The military junta in Niger says the withdrawal of French troops from its territory will begin today.
There have been tensions between the two countries since a coup in July overthrew the democratically elected president and French ally, Mohamed Bazoum.
The junta said they would be escorting the first convoy of French soldiers out of the country. It’s not clear how they’ll be leaving.
Land borders with neighbouring Benin and Nigeria to the south are still closed.
But others with Mali, Burkina Faso and Chad, which are also under military rule, remain open.
About 1,500 French soldiers have been helping Nigerien forces fight militants affiliated with al-Qaeda and the Islamic State group.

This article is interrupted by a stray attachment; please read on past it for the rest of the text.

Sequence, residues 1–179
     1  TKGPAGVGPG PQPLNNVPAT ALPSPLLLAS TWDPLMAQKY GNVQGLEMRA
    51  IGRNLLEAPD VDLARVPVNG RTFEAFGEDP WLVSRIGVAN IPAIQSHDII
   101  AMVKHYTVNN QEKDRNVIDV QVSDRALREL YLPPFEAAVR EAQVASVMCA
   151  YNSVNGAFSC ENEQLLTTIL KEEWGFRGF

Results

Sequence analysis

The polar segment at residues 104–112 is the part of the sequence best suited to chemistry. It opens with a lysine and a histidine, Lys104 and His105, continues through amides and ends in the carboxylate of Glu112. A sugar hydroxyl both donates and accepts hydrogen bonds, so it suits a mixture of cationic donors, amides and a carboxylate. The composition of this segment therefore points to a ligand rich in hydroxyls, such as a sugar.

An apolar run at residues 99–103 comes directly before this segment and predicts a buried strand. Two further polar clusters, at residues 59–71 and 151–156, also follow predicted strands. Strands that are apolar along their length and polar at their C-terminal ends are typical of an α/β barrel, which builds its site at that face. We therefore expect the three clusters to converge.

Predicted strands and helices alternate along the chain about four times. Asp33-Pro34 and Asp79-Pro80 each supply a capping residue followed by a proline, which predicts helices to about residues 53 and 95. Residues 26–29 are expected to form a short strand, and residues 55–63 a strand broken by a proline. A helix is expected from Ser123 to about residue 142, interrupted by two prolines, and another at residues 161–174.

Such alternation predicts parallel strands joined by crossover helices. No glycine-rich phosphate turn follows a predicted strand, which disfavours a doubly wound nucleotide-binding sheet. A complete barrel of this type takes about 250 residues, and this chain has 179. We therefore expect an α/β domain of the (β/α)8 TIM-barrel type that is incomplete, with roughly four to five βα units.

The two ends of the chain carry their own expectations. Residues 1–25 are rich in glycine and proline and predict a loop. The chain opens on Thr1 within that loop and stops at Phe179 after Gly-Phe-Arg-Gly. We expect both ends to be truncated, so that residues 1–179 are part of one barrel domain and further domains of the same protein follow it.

The junta requested the French leave in August, accusing them of trying to reinstate President Bazoum by force.
There have been protests outside a base housing French troops in the capital, Niamey, for weeks
French President Emmanuel Macron initially refused to withdraw the troops, but eventually agreed to the request last month, saying they would be gone by the end of the year.
Niger was seen as one of the West’s last allies in the Sahel region in the war against terror.
France’s influence there has been waning following a wave of coups across some of its former colonies